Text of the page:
9 Realities for Financial Innovators

It seems everywhere you turn, someone is complaining about how little innovation there is in the financial industry: “Banks need to be more innovative,” or “innovation is the key to the financial industry’s future.” True, banks and credit unions may not be bustling hubs of innovation and new ideas, but here are nine points to consider before your financial institution deploys a “strategy of innovation.”

1. There is no value in simply being innovative. You can be innovative but that doesn’t mean your innovations are worthwhile and relevant. (Mortgage-backed-securities and credit default swaps were innovative after all.) Being innovative is not a competitive advantage unless your innovations solve meaningful problems in meaningful ways. Consumers don’t care if you have a “new” or “different” approach. Real innovation is about doing things “better” and “easier.”

2. Your success as an innovator hinges on your ability to recognize and identify problems. Real innovation always starts with the problem: What problem are you trying to solve? Every problem, every complaint, every closed account, every lost loan, every inefficient internal procedure is an opportunity to innovate. As Martin Reed with Central 1 in Canada notes, “Problems are brand opportunities. Huge brand experience opportunities.” Your financial institution doesn’t need a Chief Innovation Officer. It needs a Chief Problem Solver.

3. Most ideas fail. Truly creative people will admit that most of their ideas aren’t very good. Indeed the only way to have a good idea is to have lots of ideas. Thomas Edison confessed to 10,000 failures before finding success. Innovation requires a culture that supports experimentation and embraces failure, because you aren’t going to hit a home run every time. You not only need a thick skin, you need the wisdom to know when it’s time to walk away.

4. Financial institutions’ operational model does not support a culture of innovation. Financial institutions deal in tightly-managed guaranteed rates of return. They are — by their nature — risk averse. Financial institutions generally lack the resources to shoulder a large R&D burden and the risks involved with innovation. Your financial institution needs the ability to absorb fruitless investments of time, energy and money.

5. The best ideas in the financial industry come from outsiders — mostly startups. Eight of the 10 most innovative companies in the financial industry aren’t banks. In fact, the majority of financial innovators haven’t even been in business for more than a decade (you can find them at any Finovate conference). Admit it: If you could start over today, you’d do things differently at your financial institution. That’s the advantage startups enjoy. Startups — along with nimble credit unions who can invest their not-for-profit surpluses — may often serve as incubators of financial innovations, but banks are frequently the ones with the scale, resources and operational acumen to really execute and perfect a concept.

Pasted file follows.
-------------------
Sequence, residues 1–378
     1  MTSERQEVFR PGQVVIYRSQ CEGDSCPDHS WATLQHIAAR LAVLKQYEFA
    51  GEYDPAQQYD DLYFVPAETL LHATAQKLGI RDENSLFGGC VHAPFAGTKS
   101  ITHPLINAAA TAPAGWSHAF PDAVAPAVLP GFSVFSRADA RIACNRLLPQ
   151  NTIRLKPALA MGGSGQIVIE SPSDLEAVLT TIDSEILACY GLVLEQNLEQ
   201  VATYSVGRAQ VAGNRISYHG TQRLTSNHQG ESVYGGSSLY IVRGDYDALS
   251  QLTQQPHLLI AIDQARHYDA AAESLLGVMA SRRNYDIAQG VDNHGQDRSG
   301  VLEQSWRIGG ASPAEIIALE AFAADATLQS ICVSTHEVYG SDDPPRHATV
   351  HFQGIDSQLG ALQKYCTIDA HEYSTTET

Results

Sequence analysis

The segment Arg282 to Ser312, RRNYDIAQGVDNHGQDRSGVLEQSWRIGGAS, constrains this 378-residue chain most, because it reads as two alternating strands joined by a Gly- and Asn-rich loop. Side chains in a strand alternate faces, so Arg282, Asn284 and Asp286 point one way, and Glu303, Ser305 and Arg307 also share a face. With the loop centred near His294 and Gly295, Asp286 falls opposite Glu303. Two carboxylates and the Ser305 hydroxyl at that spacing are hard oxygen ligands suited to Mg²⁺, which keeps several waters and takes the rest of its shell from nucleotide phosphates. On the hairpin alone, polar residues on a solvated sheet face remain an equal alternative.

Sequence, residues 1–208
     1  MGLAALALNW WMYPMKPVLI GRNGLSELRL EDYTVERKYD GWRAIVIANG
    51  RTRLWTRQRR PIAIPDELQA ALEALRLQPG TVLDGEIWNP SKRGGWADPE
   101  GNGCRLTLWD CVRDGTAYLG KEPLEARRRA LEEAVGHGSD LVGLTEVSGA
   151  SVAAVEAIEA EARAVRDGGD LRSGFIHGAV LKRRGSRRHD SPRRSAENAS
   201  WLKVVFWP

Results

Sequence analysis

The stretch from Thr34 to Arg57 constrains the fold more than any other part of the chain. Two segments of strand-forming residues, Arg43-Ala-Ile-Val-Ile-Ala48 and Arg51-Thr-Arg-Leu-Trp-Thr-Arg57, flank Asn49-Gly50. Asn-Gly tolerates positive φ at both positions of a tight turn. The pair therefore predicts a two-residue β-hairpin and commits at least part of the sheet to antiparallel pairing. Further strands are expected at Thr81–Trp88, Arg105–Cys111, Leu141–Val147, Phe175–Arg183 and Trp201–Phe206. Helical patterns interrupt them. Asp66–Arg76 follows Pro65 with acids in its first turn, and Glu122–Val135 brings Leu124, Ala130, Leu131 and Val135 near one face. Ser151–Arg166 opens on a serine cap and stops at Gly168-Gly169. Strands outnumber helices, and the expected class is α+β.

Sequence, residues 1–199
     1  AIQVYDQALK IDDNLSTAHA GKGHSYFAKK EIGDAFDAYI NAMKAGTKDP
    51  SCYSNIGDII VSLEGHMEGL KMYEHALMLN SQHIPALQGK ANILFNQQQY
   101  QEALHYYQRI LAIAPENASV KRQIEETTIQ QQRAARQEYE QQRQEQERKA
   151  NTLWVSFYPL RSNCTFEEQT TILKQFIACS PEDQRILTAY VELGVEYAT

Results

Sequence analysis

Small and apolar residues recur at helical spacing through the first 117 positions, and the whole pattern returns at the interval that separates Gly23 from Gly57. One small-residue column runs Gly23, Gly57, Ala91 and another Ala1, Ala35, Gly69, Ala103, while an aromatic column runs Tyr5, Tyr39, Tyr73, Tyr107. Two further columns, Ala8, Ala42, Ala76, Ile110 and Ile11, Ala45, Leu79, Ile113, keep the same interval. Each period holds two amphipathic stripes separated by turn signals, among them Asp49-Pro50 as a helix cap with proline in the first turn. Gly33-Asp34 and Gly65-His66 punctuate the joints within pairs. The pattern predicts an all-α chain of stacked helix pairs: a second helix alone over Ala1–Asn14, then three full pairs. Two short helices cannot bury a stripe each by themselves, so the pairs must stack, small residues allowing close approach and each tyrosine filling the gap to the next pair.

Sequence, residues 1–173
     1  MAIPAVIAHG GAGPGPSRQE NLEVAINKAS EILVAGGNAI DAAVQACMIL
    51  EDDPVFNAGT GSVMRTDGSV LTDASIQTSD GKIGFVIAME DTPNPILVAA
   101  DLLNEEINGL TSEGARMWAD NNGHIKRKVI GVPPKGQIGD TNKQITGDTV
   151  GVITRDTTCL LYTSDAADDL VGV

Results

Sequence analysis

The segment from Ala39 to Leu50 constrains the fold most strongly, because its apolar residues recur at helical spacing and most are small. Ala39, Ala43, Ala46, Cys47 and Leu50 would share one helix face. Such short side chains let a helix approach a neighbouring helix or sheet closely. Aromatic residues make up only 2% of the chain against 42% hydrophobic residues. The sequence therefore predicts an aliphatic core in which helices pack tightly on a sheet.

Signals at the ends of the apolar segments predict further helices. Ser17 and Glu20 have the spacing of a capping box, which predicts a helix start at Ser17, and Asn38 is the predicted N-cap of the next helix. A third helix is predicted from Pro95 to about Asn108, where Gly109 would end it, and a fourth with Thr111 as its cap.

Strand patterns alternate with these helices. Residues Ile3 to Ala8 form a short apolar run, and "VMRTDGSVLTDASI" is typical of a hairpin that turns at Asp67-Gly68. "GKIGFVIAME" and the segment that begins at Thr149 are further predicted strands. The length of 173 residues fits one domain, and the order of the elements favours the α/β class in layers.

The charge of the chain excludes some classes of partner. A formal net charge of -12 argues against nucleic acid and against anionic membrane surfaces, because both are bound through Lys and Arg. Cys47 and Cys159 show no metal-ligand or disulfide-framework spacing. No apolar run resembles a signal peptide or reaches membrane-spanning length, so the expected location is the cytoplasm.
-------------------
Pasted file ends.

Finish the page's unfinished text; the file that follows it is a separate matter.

6. Any idea that works will be stolen. Any innovation that proves viable will be subsequently deployed, purchased and/or stolen by other players in the financial space. You can come up with great ideas all day long and your competitors will steal them. In fact, your competitors may even get all the credit. Apple is heralded around the world as being an innovative company, yet the Cupertino-based technology company didn’t come up with the graphical user interface for Macs, they didn’t invent the MP3 player (iPod) nor did they come up with touch-screen portables (iPads). Every time you innovate something that your competitors steal, you are subsidizing their R&D costs ideas.

7. You can steal any idea that works. You don’t have to be on the bleeding edge when there are other players willing to innovate on behalf of the industry. You can still be on the leading edge by learning from their failures and stealing their successes. (Further Reading: “Defend Your Research: Imitation Is More Valuable Than Innovation,” Harvard Business Review, April 2010.)

8. Most innovations aren’t big, wholly unique ideas. Big innovations that transform the financial industry — like ATMs in the 80s and the internet in the 90s — are few and far between. Most innovation is typically a process of fusion or evolution. Someone looks at someone else’s idea and says, “Hey, I like that. How can I make it better?” Or someone looks at a new technology, or what someone else is doing, and says, “I wonder how I can make that work for me.” This is how 99% of percent of innovation works in any industry.

9. Most people don’t like change. They like things that are familiar. Most people fear change and need to be reassured. This includes consumers as well as people inside your financial institution. This is also why surveys asking consumers questions like, “Would you be willing to try [new financial service X]?” never generate accurate predictions. Consumers don’t know what they want nor what they would use until they see it.

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